Tuned In

If House Hunters Is Wrong, I Don’t Want to Be Right

  • Share
  • Read Later


I don’t watch House Hunters a lot. But when I watch House Hunters, I watch a lot of House Hunters. Get me in the right bored moment, a holiday weekend, an aimless evening with nothing compelling on the DVR, and if I flip on HGTV I’ll watch 3 or 4 in a row. (Maybe more. OK, many more.)

It’s partly the diabolically clever way HGTV airs the shows—a new episode begins, with no commercial break, the instant the previous one stops, and I feel myself getting sucked deeper and deeper. But mainly, as a mild-grade real-estate obsessive, I find it irresistible, the chance to watch and second-guess all those nervous couples looking sadly at big blank sheetrocked rooms and wondering where they’ll fit the three-handled family gredunza and where the “man cave” will go.

You can tell so much about people by the way they shop for a house—or at least you can pretend to guess about them: their level of imagination, their idealized lives (sure you’ll have garden parties every weekend!), their worries about the future, their compatibility. The house? It’s merely a stage, a metaphor for a relationship. That guest bedroom will never be big enough to hold all your emotional baggage, pal.

If you watch the show for even an episode or two, you start to wonder how real it all can be: How do they manage to find three available houses for each decision, in presumably a tight production time? What if the buyers don’t manage to buy anything? So I can’t say I was scandalized to hear the latest report of HH producers pulling strings behind the scenes of the show, though I was agog at the details.

According to the blog Hooked on Houses, a former Texas participant in the show, Bobi, says the producers changed several details of her house hunt. For starters: it wasn’t a house hunt. She and her husband had to buy a house before they were accepted, at which point, they got friends to “lend” the production their own houses, for the couple to visit and pretend to consider. Producers also fiddled with the “narrative” of the house hunt: rather than say, as was the case, that the couple was buying a bigger house to rent out their old one for income, they said that they “needed a bigger one desperately.” Also, because Bobi’s husband was a Realtor at the time, they spiced up the episode with a conflict: Will his wife be his toughest client ever? This report comes on top of similar ones that has been out there for a while—some of which House Hunters producers have openly acknowledged—that the show works with buyers who have already closed on properties, and stages “hunts” for drama.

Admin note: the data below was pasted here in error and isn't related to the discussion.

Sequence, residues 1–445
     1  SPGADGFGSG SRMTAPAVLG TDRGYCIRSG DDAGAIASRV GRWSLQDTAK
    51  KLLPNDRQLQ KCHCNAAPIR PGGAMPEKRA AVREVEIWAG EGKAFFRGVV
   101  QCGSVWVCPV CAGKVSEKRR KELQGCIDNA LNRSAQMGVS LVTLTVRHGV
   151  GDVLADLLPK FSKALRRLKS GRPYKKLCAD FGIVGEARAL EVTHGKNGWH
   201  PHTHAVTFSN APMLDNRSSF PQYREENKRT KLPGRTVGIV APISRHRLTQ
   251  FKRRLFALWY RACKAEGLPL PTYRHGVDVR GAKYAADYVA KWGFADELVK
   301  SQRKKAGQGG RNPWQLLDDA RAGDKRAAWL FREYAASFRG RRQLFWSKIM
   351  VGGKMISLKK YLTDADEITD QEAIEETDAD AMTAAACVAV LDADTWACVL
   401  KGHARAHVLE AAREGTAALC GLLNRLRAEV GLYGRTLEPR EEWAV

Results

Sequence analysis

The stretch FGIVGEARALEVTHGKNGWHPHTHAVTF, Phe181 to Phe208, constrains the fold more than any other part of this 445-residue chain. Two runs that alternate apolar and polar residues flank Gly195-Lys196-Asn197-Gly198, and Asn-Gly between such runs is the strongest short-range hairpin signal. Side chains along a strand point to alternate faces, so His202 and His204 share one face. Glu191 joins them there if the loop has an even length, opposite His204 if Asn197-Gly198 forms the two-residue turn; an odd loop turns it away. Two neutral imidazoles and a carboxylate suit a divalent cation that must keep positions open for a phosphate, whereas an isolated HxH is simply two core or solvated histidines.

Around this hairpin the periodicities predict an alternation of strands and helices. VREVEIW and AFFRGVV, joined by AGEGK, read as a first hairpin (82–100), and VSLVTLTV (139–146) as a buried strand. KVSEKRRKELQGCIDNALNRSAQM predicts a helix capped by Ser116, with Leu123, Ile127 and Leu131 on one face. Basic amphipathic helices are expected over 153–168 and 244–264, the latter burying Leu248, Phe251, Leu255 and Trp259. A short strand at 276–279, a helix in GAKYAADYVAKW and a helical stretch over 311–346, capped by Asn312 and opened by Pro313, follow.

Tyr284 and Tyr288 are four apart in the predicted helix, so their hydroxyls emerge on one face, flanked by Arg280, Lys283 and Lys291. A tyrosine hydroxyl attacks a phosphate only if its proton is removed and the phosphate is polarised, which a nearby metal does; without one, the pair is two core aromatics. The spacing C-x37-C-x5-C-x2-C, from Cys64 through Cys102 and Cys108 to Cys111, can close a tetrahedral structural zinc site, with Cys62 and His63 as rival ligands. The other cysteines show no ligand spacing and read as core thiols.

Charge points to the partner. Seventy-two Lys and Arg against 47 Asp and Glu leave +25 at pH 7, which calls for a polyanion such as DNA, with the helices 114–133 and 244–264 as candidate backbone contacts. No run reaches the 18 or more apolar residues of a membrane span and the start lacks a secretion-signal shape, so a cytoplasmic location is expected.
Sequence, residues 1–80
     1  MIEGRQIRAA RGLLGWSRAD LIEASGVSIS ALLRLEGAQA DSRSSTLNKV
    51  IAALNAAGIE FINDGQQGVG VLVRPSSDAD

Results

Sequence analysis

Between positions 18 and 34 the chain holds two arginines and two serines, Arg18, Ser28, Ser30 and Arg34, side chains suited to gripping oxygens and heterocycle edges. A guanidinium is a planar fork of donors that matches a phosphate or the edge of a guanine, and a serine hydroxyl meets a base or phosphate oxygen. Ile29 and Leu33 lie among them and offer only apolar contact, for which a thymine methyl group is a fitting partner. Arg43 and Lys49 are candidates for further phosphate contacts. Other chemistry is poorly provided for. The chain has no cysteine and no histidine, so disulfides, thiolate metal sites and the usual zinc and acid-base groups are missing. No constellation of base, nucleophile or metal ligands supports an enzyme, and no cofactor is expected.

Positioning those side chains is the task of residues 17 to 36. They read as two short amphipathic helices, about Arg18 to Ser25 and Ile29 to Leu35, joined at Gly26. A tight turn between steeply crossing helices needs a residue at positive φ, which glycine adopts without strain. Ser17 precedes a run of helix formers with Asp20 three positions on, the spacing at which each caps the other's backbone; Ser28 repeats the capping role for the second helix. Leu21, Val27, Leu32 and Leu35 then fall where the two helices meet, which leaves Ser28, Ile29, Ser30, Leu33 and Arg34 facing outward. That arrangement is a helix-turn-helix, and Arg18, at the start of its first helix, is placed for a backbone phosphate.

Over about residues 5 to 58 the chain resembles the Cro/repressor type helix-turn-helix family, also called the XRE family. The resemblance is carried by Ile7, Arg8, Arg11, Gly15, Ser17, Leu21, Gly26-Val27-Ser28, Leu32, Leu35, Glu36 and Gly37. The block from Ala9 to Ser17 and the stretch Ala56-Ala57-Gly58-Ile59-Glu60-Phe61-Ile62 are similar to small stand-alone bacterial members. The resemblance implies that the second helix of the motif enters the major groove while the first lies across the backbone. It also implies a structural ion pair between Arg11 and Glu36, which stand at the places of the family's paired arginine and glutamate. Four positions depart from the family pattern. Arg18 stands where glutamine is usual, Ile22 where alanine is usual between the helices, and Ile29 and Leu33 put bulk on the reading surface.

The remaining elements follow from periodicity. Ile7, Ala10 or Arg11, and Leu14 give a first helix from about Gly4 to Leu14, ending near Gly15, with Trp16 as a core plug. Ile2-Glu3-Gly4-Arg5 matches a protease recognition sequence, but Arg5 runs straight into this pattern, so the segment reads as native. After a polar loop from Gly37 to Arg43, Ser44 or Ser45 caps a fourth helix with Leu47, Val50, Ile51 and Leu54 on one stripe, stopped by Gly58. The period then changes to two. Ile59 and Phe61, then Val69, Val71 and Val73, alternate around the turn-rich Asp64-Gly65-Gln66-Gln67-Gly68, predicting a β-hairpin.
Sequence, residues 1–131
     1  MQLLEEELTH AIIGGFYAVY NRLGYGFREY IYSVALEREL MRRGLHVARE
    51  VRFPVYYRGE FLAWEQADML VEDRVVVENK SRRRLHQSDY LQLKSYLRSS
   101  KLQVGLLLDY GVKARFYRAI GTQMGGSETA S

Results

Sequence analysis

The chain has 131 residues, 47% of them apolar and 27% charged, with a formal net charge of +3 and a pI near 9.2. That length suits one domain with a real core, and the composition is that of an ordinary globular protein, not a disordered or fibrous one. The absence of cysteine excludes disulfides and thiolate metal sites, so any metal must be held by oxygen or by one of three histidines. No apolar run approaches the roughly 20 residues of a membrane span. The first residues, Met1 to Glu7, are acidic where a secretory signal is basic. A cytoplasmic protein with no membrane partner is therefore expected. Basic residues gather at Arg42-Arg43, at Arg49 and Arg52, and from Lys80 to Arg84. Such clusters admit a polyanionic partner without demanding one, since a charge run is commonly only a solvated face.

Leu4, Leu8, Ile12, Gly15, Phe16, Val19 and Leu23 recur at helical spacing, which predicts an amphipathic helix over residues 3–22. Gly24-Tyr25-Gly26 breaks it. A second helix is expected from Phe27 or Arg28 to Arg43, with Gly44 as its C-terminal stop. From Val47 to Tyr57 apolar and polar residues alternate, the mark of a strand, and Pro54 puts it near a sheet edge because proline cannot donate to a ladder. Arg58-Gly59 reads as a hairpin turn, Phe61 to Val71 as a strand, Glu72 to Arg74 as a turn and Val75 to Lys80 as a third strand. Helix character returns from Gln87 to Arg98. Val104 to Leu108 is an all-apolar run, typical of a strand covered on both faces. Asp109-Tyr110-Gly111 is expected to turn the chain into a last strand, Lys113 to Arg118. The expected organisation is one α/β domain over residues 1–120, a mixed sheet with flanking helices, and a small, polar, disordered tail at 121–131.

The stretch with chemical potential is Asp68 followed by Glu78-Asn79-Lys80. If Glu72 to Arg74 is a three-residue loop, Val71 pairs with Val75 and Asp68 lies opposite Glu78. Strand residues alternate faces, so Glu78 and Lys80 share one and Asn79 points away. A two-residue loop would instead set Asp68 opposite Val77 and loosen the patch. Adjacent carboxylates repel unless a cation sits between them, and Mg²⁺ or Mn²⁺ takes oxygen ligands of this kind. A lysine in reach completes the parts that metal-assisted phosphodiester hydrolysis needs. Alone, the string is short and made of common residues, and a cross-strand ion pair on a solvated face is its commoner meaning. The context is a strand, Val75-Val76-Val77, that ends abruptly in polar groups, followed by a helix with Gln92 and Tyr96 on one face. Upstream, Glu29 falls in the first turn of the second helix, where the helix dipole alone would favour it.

This is, I suppose, an offense against documentary realism. It is also not really my problem. Yes, I am bothered a little by producers imposing narratives like “They need a bigger house!” on the searches, but mostly because this reinforces a larger, advertiser- and agent-friendly message of HGTV generally: You need a bigger house! You need to upgrade! You need more room to buy more useless crap! But you could just as well apply that same consumerist frame on a totally unmanipulated show.

On the other hand, the “revelation” that HH producers will have the shoppers do five or six different takes of scenes? I do a lot of broadcast interviews in the course of my work, and many is the time that a radio or TV news show—including very well-respected ones that I trust—has asked me to repeatedly answer a question, to get a better phrase or a cleaner, more usable take.

The fact that many house hunters are not, in fact, hunting will make me watch the show not a whit less—and it seems I am not alone. Admittedly, there’s a certain brattiness to my reaction: why are you jerks trying to ruin one of the few pleasures of my sad, pitiful life? But also, I’m not watching House Hunters to learn the raw data about certain real-estate transactions in Texas or West Virginia or Belize, or even to learn the truth of the featured house hunters’ lives. I just want a little window, from my narrow house in Brooklyn, on another kind of life—or, if I get caught in a lengthy Hunters marathon, several other kinds of lives. I want to imagine myself weighing the options of price vs. size vs. location. I want to imagine that feeling of possibility, without having to hire movers and brokers and pack all my crap into boxes.

I could get that, I suppose, by a more technically truthful show that simply showed me what was on the market in, say, St. Louis in the $250,000 range, but watching the decision made—or playacted—by a human couple allows me to better place myself in the situation, and to have the delicious satisfaction of mocking their decisions and reasoning.

Would I be a better person if I did not need that? Would a better person be more bothered by deceptions? Perhaps. But I do not live in a perfect world, which is precisely why I watch House Hunters—no matter how much its stories have been interior-decorated.